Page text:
The Enthusiasm Question

Yet another poll shows President Obama with a commanding lead among Latino voters. According to a survey commissioned by NBC News, the Wall Street Journal and Telemundo, Obama leads Romney 67 percent to 23 percent among Latino registered voters. Romney’s favorability with Latinos is incredibly negative, with 22 percent saying they have a positive view of the former Massachusetts governor, and 44 percent saying they have a negative view. Moreover, Romney hasn’t convinced Latinos that he would be effective on the economy; 53 percent say that Obama has better ideas to improve the economy, compared to 22 percent for Romney. Overall, 58 percent of Latinos approve of Obama’s handling of the economy.

It should be said that this has the virtue of being true; Romney’s plan for the economy—a series of small bore measures to increase energy production and bolster trade relationships—would have a small affect on the short-term economy. And his tax plan, which ends several stimulus related tax breaks, would reduce tax benefits for working Americans, and leave them with slimmer pocketbooks. Because Latinos are disproportionately lower-income, these policies would have a greater and more deleterious affect on their well-being.

One last thing. Obama has a strong advantage among Latinos, but they’re still less enthusiastic than voters writ large:

[T]he number of Latinos who are enthusiastic about voting (ranking their interest in voting at 8,9, or 10 on a scale of 1–10, per NBC’s model), is at 68 percent. By comparison, 79 percent of all voters put themselves in that “high-interest category.

It almost goes without saying that Obama’s bid for re-election depends on his ability to bring Latino turnout to 2008 levels, or even a little higher. With high nonwhite turnout in general, he can make up for his weakness with white voters. Anything less, and we can look forward to President-Elect Romney on November 7th.

For more polling information, go to The Prospect’s 2012 election map.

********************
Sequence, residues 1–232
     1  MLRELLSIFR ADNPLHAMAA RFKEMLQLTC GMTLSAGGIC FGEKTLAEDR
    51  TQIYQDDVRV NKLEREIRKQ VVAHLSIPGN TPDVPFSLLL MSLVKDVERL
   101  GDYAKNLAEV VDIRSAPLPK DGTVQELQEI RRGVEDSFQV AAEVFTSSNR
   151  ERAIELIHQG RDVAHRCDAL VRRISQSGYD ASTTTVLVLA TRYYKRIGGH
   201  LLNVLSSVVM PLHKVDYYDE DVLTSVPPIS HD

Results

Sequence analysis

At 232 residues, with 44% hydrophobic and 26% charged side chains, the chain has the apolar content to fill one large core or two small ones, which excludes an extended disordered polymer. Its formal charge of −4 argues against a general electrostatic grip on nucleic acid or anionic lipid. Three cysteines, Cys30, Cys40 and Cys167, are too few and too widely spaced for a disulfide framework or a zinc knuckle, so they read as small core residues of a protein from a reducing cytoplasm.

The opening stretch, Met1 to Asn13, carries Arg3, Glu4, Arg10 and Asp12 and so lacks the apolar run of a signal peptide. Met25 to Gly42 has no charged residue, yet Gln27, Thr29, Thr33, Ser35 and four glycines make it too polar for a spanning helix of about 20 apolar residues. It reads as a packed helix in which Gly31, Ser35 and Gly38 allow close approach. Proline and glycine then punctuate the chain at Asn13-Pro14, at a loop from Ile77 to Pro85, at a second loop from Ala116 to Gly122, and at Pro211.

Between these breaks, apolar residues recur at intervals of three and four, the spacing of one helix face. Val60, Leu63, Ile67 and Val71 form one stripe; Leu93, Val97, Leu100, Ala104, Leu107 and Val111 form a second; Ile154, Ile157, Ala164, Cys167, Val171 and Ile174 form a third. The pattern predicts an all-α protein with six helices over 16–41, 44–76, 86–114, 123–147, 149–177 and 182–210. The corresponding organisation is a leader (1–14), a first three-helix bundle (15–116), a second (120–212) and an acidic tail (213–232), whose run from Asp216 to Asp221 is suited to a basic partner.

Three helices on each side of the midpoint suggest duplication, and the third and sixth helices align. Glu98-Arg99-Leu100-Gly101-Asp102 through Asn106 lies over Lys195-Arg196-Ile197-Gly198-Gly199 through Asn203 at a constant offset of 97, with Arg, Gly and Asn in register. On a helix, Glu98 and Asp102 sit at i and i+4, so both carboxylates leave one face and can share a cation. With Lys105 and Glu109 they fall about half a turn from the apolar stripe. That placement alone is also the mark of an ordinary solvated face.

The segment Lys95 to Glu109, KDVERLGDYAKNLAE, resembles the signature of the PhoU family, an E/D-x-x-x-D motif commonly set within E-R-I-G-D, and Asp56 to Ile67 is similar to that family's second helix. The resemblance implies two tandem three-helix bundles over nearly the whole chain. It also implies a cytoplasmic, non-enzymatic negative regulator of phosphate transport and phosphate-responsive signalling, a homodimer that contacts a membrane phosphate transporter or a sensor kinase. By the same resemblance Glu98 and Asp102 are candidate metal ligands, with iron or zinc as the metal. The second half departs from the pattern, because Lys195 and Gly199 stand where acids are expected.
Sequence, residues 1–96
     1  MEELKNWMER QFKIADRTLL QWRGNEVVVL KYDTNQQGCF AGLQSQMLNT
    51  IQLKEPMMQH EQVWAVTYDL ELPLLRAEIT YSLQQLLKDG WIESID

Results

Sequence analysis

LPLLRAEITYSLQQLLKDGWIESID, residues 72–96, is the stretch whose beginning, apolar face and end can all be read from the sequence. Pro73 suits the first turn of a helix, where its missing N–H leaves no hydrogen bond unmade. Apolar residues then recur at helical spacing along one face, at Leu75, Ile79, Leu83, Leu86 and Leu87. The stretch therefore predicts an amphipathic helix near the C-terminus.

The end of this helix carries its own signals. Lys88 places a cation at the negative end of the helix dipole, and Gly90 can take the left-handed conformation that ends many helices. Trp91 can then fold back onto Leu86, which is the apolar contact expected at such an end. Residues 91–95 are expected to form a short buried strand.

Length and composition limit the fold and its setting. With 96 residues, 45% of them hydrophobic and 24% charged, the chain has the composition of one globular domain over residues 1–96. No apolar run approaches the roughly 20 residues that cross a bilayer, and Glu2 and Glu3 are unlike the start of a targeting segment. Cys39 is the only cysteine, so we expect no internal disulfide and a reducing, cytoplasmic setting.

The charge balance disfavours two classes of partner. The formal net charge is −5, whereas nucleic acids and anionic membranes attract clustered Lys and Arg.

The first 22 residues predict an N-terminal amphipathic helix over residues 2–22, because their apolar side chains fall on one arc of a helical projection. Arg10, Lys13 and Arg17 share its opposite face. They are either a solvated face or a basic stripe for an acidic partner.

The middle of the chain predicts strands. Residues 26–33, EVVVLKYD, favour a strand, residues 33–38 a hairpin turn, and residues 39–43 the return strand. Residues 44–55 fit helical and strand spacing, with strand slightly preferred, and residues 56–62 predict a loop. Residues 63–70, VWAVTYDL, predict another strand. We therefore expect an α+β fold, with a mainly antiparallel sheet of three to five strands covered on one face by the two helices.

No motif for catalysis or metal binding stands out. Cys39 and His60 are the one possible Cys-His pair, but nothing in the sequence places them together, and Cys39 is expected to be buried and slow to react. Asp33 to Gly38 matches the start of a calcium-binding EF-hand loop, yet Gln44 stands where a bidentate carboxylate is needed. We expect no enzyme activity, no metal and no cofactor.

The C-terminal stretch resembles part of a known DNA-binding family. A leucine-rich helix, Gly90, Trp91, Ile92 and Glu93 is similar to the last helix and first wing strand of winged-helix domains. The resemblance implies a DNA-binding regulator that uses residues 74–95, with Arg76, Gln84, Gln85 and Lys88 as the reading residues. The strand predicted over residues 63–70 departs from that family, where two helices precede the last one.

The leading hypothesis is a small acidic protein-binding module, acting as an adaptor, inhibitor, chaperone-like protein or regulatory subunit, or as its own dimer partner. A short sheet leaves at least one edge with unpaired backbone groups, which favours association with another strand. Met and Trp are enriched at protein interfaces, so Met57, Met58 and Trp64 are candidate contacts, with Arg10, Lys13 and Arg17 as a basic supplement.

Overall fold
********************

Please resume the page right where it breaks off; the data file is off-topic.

Three months is an eternity in politics. Will the voters believe the economy has improved enough on election day to reelect? At this point the electoral votes are very soft. I thought four years ago that the economy was going to be so bad that whoever won was likely to be a one term president. It's truly a shame. If the one shot stimulus had been bigger, big banks broken up, and financial regulation strengthened when he had a Democratic congress I think his chances would be much better. These things are still theoretically possible but only if Obama is reelected. Otherwise, expect the concentration of the nation's wealth to continue to rise to the top and the safety net to continue to deteriorate.

I think Romney's choice of Ryan was intended to sacrifice the middle of the road, and make up for it by exciting the Tea Party to do all that door knocking work. In the last election, Obama was sold as somewhat better than the second coming. No matter how good a president he is, he can never live up to that billing. Inevitably his supporters will not be as enthusiastic as last time. One the other paw, Romney is far crazier than McCain, so people may turn out to vote just to ensure he does not win. Crooked voting machines and crooked voter registration filtering is much more important than the Obama camp realises.

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